New Hampshire, like most other states, has enacted statutes granting immunity to landowners who allow the public to access their land for recreational purposes. The statutes, however, are not limitless: although their precise wording differs, there is no immunity if the landowner charges the public for access to the land. Both the statutes and their exceptions are logical because they encourage free and open use of recreational space. When landowners directly profit from such access, however, it is only fair that they be subject to liability for their negligent actions.
In response to appellant's negligence allegations, appellee sought to invoke two of New Hampshire's recreational use statutes, N.H.Rev.Stat. Ann. §§ 508:14 and 212:34, contending they both were applicable because Loon did not charge for the activities at the top of the mountain. The district court found § 508:14 dispositive, and thus did not address § 212:34. We agree that § 508:14 confers immunity upon Loon, and we therefore also do not consider the second provision.
The statute pertinently provides that "[a]n owner, occupant, or lessor of land ... who without charge permits any person to use land for recreational purposes ... shall not be liable for personal injury or property damage...." N.H.Rev.Stat. Ann. § 508:14 "Charge" is not defined. Appellant argues that the word "charge" should be construed broadly to include her five-dollar gondola fee. She also contends that § 508:14's legislative history is inconsistent with a finding of immunity here, because the statute was intended to convey immunity only for gratuitous temporary use of land (for events such as horse shows) and for off-road vehicles.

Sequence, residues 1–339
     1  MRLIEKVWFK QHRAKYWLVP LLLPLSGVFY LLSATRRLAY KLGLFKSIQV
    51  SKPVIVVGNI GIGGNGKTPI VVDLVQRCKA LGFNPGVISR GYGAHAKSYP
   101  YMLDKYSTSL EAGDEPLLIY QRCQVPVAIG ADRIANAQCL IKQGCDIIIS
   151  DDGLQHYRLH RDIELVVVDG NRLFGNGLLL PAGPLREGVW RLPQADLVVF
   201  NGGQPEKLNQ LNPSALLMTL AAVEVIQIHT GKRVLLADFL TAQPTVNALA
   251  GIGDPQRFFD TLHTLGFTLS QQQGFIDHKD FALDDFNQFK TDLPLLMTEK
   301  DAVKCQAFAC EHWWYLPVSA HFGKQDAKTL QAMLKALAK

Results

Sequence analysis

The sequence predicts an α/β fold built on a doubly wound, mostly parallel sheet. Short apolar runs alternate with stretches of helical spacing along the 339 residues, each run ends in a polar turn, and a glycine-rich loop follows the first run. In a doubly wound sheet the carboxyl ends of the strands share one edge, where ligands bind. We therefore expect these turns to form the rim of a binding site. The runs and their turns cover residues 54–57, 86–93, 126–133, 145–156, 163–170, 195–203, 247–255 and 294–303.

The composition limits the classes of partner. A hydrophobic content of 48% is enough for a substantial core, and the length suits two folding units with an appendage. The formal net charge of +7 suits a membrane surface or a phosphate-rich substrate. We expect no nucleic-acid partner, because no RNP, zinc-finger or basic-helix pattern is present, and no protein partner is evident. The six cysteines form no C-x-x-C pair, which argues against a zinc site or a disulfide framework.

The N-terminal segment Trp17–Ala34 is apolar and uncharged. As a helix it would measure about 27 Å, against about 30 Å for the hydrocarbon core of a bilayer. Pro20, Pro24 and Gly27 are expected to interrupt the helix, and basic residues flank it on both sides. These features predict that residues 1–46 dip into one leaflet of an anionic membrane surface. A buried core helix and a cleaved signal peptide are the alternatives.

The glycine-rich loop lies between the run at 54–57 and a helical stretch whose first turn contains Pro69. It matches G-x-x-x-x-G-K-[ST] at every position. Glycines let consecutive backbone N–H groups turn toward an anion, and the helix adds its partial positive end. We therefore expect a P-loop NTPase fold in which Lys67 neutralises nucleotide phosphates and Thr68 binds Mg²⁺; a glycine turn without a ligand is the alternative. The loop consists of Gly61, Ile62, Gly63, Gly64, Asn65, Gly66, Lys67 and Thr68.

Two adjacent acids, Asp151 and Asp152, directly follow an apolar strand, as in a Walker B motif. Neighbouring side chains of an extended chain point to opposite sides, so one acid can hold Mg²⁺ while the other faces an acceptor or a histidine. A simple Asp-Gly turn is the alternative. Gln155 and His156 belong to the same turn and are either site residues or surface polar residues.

The New Hampshire Supreme Court has not addressed the contours of the term "charge" as used in § 508.14; we must therefore divine its likely construction. See Stratford Sch. Dist., S.A.U. # 58 v. Employers Reinsurance Corp., 162 F.3d 718, 720 (1st Cir.1998) (a federal court sitting in diversity must predict how the state court would resolve a novel legal issue by looking to analogous decisions in other jurisdictions). We believe the district court correctly concluded that the New Hampshire court likely would adopt the majority view that "charge" means an actual admission fee paid for permission to enter the land for recreational purposes. See Howard v. United States, 181 F.3d 1064 (9th Cir.1999) (payment of fee to private instructor for sailing lessons in restricted military harbor is not a charge by the government); Wilson v. United States, 989 F.2d 953 (8th Cir.1993) (fee for use of facilities in campground not a charge to use the surrounding land); Flohr v. Penn. Power & Light Co., 800 F.Supp. 1252 (E.D.Pa.1992) (no charge to access recreational activities where only fee paid was to rent campsite); Livingston v. Penn. Power & Light Co., 609 F.Supp. 643, 648 (E.D.Pa.1985) (easement and license fees to access a lake "cannot logically be considered ... 'quid pro quo[s]' " and thus are not charges); Majeske v. Jekyll Island State Park Auth., 209 Ga.App. 118, 433 S.E.2d 304 (Ga.App.1993) (parking fee does not constitute a charge where fee was per car, not per occupant, and any other means of accessing the park was free); City of Louisville v. Silcox, 977 S.W.2d 254 (Ky.Ct.App.1998) (same). [FN1]